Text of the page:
No Thanks
Keep In Touch With

Sign up and we'll send inspiration straight to you.

Martha Stewart takes your privacy seriously. To learn more, please read our Privacy Policy.


Marbleized Eggs


  • Blown-out eggs
  • Vinegar and water (2 teaspoons per cup)
  • Methylcellulose solution (in shallow pan)
  • Liquid acrylic paints (from one to four colors)
  • Skewers (or dowels)
  • Clay (floral)
  • Water bath
  • Paintbrushes
  • Polystyrene block (or similar)
  • Spray sealer


  1. Step 1

    Dip blown-out eggs in a vinegar solution. This etches the surface and allows it to accept the paint. If you pre-dye the eggs, make sure that the concentration of vinegar in the dye is equal to 2 teaspoons per cup of liquid. Most common egg-dye recipes call for some amount of vinegar. Goose and duck eggs need a longer bath than chicken eggs (which need about 20 seconds). An egg that isn't fully prepared will not hold the painted pattern and the colors will slowly run. If this happens, the egg may be wiped clean with a sponge. Resoak it in the vinegar solution before attempting to repaint.

  2. Step 2

    Whisk 1/4 cup of methylcellulose into 2 quarts of water. Mix well and let sit for an hour, whisking every 15 minutes.

  3. Step 3

    Dilute liquid acrylic colors with water (approximately 2 parts water to 1 part paint).

  4. Step 4

    Set eggs on skewers (through the blow holes). Using a small wad of floral clay at the base and top, affix eggs to skewers to prevent eggs from spinning when dipped. The egg and skewer (or dowel) must be completely dry for the clay to stick.

  5. Step 5

    In a pail, prepare a half-gallon water bath.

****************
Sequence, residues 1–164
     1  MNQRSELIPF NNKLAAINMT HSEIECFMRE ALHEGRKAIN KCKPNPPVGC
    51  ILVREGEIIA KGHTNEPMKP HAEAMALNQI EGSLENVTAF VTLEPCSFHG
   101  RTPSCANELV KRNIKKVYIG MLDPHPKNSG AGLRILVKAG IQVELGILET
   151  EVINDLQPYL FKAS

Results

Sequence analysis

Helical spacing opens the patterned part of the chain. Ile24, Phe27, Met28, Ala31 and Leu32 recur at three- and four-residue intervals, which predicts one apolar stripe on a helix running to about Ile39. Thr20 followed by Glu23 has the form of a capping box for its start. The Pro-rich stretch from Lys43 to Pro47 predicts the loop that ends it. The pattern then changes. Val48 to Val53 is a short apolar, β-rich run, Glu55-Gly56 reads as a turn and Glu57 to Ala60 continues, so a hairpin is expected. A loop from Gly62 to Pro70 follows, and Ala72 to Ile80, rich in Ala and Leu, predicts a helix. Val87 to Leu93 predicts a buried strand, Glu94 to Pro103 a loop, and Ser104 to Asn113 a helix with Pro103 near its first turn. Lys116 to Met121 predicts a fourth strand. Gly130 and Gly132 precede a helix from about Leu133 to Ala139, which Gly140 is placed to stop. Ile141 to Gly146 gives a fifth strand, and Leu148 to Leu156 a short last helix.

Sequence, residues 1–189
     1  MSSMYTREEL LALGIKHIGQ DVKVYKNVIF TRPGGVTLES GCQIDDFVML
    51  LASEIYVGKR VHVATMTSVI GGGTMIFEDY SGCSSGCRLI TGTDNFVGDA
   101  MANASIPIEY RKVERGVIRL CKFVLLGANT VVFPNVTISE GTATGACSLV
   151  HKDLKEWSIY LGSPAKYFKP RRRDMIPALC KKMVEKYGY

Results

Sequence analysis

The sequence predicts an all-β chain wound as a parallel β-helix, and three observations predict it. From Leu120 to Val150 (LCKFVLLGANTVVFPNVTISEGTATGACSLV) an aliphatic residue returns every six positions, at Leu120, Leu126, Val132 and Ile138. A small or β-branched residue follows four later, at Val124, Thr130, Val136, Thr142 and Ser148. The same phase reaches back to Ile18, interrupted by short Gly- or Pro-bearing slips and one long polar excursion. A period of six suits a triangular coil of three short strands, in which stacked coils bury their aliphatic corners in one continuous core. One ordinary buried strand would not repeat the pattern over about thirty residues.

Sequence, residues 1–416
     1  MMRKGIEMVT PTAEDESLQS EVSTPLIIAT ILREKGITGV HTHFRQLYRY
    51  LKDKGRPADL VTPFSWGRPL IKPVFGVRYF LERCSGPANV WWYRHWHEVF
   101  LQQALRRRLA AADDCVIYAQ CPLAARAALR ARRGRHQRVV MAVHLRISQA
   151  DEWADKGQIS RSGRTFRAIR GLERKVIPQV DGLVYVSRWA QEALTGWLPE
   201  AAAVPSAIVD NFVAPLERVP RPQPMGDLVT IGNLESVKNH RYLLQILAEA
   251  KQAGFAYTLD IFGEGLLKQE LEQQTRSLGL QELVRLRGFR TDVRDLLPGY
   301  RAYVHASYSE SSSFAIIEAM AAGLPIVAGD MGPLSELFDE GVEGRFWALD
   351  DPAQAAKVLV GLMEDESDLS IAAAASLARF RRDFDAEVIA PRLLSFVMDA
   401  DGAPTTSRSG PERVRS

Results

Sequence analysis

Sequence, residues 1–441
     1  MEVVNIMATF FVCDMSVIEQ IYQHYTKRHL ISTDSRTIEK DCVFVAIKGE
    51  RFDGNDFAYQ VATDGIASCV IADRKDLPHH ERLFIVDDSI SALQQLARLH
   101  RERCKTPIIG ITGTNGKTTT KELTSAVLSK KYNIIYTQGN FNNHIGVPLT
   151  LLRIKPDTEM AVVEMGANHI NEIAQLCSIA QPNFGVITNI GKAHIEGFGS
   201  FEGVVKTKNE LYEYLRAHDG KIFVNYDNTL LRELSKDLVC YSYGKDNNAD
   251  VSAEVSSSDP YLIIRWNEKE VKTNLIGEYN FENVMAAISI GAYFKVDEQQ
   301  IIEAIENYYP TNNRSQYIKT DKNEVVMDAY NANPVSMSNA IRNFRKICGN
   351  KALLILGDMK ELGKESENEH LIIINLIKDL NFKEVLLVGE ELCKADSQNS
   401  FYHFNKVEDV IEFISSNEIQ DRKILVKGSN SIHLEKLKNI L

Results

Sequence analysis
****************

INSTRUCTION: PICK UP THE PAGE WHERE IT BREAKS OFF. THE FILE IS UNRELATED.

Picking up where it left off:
6. Step 6

    Flick paint onto surface of methylcellulose. Use a skewer to create swirls.

  7. Step 7

    Hold the egg by the skewer; in one easy motion, dip the egg in the painted methylcellulose and roll it once. Overlap the paint as little as possible. Overlapping occurs when the egg is turned beyond one rotation. Less than one rotation will result in a gap in the pattern.

  8. Step 8

    Still holding the skewer, dunk the egg into the bath. Gently turn and swirl the egg to remove excess methylcellulose.

  9. Step 9

    Set the egg to dry by standing the skewer in polystyrene block.

  10. Step 10

    Spray-dry the egg with an aerosol sealer. They are available in different finishes; gloss, matte, satin, and semigloss.

  11. Step 11

    Let the egg dry (according to product instructions) and recoat.

The Martha Stewart Show, March 2006


Reviews (4)

  • HappyJuliette 11 Apr, 2009

    This doesn't work. Don't even bother trying. Thanks a lot, Martha. I wasted $25 on methyl cellulose powder.

  • overhommer 26 Mar, 2009

    I think you can use citurucel.

  • lindawexler 14 Mar, 2008

    methylcellulose can be found at

  • Mandy31 11 Mar, 2008

    Has anyone tried this? Where do you find the methylcellulose?